People breakup for all kinds of reasons — he cheated, she nagged, he was a Seattle Seahawk fan, she rooted for the Denver Broncos, etc. Some of these reasons are good, some are lame and some are somewhere in the middle. It really comes down to a “to each his or her own” stance: some relationships can survive hail storms; others wash away at the first rain drop.
Deciding to get back together after a breakup can involve equally varied reasons. Some people get back together out of love, out of desperation or out of the fact that a visit from the stork is scheduled in nine months. Like breaking up, deciding to get back together is a personal decision: Only you and your partner are qualified to know if being reunited will indeed feel so good.
But, before deciding to reunite, there are certain things you should consider.
These things include:
Why you broke up to begin with: Sometimes, something horrible happens to cause a breakup — he gets physical, she has an affair, he insists on wearing the shorts featured in Wham’s “Wake Me Up Before You Go-Go” video. If this is the case, there just may be no fixing what is broken. But, if the reason for your breakup is something you can work with, there is reason to hope. So, ask yourself if you can forgive what happened and live with what happened. If you answer yes to both, reconciling may leave you smiling.
Why you want to reconcile: Another important thing to consider is why you want to get back together. If it’s out of love, out of attraction, and out of the feeling that you can definitely make things work a second time, that’s a good sign (“Merge”). If you want to get back together out of necessity, that’s a bad sign (“Do Not Enter”). In other words, if the only thing that is attracting her to him is his ability to pay half the rent, the relationship isn’t likely one worth salvaging.
You may also be getting back together because you feel that you — in poker terms — are “pot committed.” For instance, you’ve dated your partner for five years and feel, if you don’t get back together, that you will have wasted all that time. However, this isn’t really a reason to reunite: getting back together because you are settling often equates with settling for, at worst, unhappiness, and at best, indifference.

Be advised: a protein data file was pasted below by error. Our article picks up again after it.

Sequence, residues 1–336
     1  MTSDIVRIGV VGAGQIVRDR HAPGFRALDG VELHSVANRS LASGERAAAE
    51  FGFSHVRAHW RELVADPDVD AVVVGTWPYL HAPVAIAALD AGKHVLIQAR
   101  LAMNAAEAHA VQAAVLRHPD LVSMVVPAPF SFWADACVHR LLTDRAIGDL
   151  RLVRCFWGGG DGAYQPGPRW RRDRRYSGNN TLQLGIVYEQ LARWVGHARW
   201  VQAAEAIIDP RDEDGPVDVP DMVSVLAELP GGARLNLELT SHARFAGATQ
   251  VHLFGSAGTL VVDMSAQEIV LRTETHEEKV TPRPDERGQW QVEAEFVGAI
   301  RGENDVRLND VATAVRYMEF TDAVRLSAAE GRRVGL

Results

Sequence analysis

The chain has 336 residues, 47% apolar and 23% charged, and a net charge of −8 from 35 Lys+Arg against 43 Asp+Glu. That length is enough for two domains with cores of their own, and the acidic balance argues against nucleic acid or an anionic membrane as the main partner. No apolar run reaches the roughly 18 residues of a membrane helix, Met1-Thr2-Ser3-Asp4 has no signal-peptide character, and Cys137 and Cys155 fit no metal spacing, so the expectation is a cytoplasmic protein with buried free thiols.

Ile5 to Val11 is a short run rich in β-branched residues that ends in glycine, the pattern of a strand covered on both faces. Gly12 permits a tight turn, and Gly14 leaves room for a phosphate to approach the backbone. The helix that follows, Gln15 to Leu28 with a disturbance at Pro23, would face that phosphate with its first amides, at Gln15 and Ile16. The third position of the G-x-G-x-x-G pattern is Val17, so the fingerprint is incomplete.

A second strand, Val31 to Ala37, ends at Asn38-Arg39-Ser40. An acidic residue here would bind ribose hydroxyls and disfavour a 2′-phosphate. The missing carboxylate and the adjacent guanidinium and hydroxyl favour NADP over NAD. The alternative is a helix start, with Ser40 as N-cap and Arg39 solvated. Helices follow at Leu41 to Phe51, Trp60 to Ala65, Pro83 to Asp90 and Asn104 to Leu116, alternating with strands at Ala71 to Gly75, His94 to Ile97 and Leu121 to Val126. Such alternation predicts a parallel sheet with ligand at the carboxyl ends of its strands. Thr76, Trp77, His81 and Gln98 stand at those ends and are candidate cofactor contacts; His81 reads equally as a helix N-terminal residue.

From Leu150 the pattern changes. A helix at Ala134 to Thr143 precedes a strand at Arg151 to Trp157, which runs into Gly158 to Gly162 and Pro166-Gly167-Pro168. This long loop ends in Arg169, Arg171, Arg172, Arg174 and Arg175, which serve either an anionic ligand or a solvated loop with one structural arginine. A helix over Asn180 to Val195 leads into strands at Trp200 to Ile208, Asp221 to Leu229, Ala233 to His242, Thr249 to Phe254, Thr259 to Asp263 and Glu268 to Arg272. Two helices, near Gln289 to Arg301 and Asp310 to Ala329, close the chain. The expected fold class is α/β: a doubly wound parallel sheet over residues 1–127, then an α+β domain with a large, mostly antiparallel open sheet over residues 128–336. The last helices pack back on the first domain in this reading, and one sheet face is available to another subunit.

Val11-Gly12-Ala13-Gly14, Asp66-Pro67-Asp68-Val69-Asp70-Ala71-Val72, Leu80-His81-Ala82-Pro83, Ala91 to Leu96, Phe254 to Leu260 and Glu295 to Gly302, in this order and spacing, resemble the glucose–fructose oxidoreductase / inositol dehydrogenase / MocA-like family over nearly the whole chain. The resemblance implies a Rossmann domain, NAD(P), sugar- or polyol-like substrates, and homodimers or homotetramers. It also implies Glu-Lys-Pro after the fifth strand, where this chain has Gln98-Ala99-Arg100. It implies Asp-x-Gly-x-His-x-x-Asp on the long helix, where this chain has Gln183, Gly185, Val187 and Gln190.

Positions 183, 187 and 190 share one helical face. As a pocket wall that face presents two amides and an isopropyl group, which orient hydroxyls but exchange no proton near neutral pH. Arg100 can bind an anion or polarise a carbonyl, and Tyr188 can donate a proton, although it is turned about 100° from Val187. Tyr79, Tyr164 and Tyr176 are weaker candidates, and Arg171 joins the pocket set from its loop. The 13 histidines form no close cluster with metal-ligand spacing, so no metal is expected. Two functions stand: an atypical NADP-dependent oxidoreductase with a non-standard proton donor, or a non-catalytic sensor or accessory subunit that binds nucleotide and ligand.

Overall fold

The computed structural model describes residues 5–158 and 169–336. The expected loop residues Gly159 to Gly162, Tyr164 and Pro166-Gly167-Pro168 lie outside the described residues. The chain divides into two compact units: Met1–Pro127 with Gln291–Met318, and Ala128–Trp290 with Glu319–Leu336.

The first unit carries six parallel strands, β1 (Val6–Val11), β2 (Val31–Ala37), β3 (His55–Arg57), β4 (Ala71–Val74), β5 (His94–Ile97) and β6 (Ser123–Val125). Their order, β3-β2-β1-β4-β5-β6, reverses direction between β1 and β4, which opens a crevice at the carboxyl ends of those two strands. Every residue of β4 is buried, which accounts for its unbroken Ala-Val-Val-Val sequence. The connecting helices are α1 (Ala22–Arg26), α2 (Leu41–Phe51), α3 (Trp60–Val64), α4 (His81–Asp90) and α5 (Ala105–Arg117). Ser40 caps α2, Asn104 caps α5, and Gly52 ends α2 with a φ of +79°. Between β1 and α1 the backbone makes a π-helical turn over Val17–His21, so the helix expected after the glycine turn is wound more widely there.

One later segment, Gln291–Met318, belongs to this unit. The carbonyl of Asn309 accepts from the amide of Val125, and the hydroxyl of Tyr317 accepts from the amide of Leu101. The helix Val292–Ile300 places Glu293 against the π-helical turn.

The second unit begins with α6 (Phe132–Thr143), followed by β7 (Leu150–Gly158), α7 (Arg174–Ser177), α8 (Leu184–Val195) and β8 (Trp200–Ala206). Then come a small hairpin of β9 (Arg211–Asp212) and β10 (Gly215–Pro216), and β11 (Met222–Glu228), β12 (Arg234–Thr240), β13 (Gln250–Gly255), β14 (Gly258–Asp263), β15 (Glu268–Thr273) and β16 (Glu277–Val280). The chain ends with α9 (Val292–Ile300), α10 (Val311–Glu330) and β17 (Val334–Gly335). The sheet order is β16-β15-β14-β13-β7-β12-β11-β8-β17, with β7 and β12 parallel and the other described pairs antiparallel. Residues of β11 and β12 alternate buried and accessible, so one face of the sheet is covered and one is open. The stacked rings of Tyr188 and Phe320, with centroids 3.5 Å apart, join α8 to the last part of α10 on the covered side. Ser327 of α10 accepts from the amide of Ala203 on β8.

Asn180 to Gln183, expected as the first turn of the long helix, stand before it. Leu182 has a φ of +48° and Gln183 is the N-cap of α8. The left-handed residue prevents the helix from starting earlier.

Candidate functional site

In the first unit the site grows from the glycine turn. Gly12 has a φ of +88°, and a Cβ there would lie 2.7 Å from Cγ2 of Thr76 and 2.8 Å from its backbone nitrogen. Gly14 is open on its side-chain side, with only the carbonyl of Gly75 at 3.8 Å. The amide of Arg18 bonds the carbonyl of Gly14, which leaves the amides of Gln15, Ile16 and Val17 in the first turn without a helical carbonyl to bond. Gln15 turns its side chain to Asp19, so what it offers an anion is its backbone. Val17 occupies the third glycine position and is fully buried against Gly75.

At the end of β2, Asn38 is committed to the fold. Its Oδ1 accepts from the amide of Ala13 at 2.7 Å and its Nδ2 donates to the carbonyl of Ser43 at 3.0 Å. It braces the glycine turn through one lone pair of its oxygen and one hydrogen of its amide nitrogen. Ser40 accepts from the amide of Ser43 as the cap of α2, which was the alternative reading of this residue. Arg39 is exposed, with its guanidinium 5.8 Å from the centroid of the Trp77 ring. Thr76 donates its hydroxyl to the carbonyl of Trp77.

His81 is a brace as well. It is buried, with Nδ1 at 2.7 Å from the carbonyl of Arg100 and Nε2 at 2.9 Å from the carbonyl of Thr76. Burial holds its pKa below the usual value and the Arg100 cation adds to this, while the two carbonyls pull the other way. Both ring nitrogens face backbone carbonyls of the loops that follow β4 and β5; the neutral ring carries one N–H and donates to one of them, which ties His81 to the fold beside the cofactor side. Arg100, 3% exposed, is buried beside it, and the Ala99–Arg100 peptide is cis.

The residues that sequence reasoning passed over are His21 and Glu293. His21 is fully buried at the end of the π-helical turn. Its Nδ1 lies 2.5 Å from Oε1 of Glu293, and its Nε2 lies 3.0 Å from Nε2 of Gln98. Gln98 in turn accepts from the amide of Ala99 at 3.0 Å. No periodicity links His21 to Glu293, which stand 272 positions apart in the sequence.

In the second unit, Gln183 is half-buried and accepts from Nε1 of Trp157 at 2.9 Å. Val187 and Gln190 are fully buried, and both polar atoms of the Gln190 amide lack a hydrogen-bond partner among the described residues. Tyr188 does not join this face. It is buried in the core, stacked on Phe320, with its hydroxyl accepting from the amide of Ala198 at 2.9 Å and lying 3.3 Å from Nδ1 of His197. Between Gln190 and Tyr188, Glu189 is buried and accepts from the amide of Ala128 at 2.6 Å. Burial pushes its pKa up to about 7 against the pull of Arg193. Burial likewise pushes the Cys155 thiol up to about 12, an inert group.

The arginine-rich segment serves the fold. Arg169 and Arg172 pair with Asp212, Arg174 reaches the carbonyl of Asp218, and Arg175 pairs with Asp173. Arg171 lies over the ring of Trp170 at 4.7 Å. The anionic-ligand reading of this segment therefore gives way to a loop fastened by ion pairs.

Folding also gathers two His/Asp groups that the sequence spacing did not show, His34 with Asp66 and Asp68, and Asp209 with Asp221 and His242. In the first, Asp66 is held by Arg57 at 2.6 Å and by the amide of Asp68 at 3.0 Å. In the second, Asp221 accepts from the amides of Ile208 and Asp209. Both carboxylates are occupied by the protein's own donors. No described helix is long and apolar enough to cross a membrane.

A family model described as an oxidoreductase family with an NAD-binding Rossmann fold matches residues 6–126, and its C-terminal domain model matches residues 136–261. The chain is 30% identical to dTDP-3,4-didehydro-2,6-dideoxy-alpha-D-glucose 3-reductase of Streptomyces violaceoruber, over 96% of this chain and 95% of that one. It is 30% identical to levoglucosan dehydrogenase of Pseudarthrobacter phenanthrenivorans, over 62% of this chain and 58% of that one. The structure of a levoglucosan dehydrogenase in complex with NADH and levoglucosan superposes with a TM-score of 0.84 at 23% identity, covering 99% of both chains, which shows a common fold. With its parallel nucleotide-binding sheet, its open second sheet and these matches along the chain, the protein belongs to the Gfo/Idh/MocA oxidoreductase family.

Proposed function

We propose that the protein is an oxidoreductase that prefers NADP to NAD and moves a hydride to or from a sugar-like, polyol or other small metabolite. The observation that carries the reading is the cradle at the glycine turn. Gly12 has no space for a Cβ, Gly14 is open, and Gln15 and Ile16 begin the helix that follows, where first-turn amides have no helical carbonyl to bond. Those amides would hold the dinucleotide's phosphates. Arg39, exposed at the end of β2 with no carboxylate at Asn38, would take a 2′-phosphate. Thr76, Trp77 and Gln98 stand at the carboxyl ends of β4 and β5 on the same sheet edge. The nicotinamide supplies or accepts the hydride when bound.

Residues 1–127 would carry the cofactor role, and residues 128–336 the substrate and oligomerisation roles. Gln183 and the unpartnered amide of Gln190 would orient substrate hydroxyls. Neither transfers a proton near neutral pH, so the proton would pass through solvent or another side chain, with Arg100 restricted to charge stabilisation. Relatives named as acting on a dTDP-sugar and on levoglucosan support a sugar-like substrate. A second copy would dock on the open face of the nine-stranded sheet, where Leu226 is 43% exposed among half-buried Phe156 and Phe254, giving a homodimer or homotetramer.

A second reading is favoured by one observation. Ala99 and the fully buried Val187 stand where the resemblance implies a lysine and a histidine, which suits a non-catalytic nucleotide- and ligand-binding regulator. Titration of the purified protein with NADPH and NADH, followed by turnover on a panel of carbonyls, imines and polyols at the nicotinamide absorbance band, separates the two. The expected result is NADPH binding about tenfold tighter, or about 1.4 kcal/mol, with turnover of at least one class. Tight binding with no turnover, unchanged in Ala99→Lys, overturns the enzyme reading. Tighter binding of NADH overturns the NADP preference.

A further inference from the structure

How you will handle things the second time: Whatever caused your relationship to fail during the first go will likely return a second time, either as a main character or as a not so very special guest star. This is because relationship problems have a way of behaving like boomerangs: they come back, no matter how far your throw them.
The reappearance of your original problem means that you need to be prepared. So, ask yourself how you will handle things differently this time around. Remember to only focus on the factors you can control: yourself. You can’t control how the other person will react — though dating would be so much easier if you could.
Whether or not you can be friends: There are a lot of ways that dating and friendships are different — all that tongue kissing, just to name one way. But, at their core, they have similar qualities. Most successful couples “like each other” in addition to “like liking each other.” They are friends, as well as lovers.
If you don’t see yourself as being friends with your partner, that’s a checkmark against your union. It’s hard to find love when like doesn’t even exist. But, if you and your partner truly enjoy each other—you make each other laugh, you confide in each other, you pick each other up—there’s a much higher chance of a successful reunion. The reason for this is immensely simple: a relationship needs friendship—no matter how good the sex is.